More sour news regarding the economy, this time regarding retail space in strip malls and shopping malls:

Mall vacancies hit their highest level in at least 11 years in the first quarter, new figures from real-estate research company Reis Inc. showed. In the top 80 U.S. markets, the average vacancy rate was 9.1%, up from 8.7%.

The outlook is especially bad for strip malls and other neighborhood shopping centers. Their vacancy rate is expected to top 11.1% later this year, up from 10.9%, Reis predicts. That would be the highest level since 1990.

In 2005, the mall-vacancy rate hit a low of 5.1%. For strip centers the boom-time low vacancy rate was 6.7% that same year.

The article goes on to mention how this problem is particularly acute on the suburban fringe where development was taking place or was predicted to take place.

While strip malls take a beating from those opposed to sprawl and suburban garishness (think James Howard Kunstler – see his TED speech on the topic here), they can be quite important to local economies. From where I live in the suburbs (roughly 25-30 miles west of Chicago), there are numerous strip malls, including a number that I can walk to within fifteen minutes. While most of these businesses are not flashy, they encompass certain consumer needs from car care places to drug stores to restaurants to hardware stores. I have always wondered how businesses thrive in these settings: there is so much competition (why can’t the customer just go to the competition in the strip mall down the street?) and many decry the strip mall (though it would be an interesting debate to see whether people think they are worse than big box stores).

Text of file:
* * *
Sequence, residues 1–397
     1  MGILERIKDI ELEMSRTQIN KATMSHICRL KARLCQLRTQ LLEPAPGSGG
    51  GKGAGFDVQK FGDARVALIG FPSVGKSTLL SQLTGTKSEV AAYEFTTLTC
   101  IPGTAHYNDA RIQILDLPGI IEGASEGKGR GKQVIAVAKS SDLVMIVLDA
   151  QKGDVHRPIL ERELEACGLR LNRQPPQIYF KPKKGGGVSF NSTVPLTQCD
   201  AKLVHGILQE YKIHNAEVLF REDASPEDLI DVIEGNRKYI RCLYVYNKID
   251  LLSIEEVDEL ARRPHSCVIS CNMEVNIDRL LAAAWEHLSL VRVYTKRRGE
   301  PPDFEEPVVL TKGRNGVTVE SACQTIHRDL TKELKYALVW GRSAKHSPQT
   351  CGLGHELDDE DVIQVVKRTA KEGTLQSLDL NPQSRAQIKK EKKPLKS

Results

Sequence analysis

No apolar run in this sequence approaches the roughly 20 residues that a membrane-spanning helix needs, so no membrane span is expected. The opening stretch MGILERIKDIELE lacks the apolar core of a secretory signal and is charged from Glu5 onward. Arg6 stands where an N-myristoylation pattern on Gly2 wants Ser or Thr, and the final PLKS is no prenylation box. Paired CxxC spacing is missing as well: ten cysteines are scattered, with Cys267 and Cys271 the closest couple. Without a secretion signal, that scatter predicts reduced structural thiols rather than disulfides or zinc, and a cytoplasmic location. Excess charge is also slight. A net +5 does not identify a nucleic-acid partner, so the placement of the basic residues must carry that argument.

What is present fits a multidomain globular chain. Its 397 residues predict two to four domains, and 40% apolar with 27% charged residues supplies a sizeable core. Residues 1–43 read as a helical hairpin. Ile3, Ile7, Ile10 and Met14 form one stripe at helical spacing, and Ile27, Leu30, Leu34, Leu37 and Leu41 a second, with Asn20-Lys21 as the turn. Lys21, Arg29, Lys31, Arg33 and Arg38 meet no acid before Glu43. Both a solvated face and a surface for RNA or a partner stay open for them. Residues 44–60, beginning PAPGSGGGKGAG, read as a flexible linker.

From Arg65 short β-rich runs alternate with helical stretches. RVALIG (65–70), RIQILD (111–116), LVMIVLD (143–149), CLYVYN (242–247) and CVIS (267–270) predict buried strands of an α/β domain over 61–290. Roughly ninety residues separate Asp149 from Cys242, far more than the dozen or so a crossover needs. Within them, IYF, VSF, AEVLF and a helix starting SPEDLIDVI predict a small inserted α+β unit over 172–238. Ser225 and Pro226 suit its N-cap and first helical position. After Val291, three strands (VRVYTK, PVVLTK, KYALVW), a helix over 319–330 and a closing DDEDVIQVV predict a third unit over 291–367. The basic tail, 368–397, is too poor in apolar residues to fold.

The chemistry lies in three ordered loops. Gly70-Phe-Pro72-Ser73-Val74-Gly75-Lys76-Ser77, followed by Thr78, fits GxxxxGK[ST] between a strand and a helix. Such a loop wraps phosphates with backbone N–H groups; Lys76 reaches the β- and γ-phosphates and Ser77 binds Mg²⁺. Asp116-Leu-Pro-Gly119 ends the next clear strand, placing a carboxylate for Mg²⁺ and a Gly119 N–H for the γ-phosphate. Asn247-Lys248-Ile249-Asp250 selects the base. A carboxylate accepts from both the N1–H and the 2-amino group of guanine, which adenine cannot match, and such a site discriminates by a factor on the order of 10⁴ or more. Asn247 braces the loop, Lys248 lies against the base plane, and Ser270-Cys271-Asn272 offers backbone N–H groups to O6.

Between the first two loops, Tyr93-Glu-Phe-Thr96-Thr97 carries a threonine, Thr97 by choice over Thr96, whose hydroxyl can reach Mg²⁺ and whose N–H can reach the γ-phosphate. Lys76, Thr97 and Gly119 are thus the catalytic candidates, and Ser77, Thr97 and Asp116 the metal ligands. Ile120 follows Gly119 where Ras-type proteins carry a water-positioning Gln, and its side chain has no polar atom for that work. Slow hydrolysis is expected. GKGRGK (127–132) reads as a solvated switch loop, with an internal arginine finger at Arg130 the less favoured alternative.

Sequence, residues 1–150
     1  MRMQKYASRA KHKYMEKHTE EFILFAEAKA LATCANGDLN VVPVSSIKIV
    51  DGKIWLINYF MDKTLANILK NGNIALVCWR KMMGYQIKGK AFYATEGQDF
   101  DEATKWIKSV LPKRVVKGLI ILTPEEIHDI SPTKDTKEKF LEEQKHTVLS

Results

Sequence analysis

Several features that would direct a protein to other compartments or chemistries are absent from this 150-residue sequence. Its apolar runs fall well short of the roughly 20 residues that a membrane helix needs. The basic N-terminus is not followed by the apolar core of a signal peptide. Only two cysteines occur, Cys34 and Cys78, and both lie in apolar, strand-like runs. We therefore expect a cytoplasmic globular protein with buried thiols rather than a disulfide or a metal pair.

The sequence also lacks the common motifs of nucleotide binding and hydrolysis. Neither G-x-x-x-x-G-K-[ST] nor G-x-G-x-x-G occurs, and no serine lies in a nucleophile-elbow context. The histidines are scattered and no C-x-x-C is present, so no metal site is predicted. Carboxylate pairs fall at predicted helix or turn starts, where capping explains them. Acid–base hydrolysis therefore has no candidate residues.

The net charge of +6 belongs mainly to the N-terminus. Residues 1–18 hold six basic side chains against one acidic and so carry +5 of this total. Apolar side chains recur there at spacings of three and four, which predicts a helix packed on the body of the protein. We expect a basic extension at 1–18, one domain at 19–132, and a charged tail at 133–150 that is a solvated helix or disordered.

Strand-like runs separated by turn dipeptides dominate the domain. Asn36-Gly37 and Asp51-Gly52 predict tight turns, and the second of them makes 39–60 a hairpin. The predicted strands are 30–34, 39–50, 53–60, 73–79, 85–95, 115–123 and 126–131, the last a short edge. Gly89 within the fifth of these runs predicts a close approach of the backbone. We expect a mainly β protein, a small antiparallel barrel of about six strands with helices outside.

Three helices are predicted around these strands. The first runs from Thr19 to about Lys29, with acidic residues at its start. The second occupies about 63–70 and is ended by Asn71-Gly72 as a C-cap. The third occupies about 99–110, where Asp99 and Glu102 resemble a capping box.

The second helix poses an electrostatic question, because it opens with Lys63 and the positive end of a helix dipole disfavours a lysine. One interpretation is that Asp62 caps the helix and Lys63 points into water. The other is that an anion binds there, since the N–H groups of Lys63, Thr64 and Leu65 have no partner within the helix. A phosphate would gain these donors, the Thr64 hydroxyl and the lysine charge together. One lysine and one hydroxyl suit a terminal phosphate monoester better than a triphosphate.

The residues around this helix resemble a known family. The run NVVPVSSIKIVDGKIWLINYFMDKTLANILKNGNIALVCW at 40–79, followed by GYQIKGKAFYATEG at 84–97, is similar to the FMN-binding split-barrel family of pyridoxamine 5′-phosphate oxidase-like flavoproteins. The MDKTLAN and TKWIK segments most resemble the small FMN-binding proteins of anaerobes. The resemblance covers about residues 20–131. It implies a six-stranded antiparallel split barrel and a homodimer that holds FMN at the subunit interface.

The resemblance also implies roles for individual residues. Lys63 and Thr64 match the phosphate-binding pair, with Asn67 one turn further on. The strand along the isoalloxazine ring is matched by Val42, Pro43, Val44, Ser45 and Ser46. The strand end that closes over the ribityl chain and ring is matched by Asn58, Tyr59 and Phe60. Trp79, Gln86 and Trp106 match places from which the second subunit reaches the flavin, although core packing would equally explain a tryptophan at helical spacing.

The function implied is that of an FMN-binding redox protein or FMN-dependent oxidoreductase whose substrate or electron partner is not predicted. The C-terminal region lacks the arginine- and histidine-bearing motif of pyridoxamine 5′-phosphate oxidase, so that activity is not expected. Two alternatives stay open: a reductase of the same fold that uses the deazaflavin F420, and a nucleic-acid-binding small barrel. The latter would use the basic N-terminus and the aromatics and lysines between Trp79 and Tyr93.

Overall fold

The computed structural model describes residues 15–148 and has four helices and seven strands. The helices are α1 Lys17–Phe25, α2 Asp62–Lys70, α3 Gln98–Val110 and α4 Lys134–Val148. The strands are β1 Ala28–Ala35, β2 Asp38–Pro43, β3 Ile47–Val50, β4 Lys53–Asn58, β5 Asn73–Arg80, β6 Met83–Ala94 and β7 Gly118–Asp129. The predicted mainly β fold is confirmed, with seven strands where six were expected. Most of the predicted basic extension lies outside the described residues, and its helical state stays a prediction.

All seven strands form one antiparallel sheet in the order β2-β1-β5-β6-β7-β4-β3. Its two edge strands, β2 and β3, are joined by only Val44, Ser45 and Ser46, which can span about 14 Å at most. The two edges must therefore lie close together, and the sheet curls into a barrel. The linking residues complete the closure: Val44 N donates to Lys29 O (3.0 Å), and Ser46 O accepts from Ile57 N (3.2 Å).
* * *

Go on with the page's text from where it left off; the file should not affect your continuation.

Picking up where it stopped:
Innovative (or strange) mall designs

Many shopping malls are not that exciting to look at: they are functional in providing retail space and enough amenities to keep shoppers coming back. When critics talk about the blandness or homogeneity of suburbs, shopping malls are often included in the analysis: if you have been in one shopping mall, you have been in them all. But what if architects and designers took the shopping mall in a new direction? Popular Mechanics highlights “the world’s 18 strangest shopping malls.”

Some questions: do these different designs increase retail sales? Do shoppers have a better overall experience in these places?

h/t Instapundit

Shopping malls and noise devices to discourage loitering

A shopping mall in Washington D.C. has installed a noise device, the Mosquito, to discourage loitering:

The owners of the Gallery Place commercial strip have installed an anti-loitering noise device — one to discourage any loiterers, not just teens. Gallery Place has further urged the D.C. Council to pass an anti-loitering ordinance, something the city currently lacks.

Youths in particular are said to be sensitive to a greater range of high-pitch sounds. But Gallery Place Partners, LLC, insists they did not install the “state-of-the-art safety feature” to target teens alone. According to Gallery Place, the Mosquito installed in the Metro plaza is set to a tone that can be heard by people of all ages.

I recall reading that prior attempts to install such devices were accused of being targeted at teenagers because they can better hear and are therefore more annoyed with high-pitched noise-making devices. It sounds like this shopping center is pitching the device as a boon for all users – but are teenagers still the main target?

But this is also a reminder that shopping malls are not public spaces. Even though they are often function as such as place with crowds gathering just to hang out, they are privately owned and the owners are ultimately interested in making money.

Bonus: a link at the bottom of the news story to that takes you to the makers of the Mosquito where you can then find how annoying you find the Mosquito!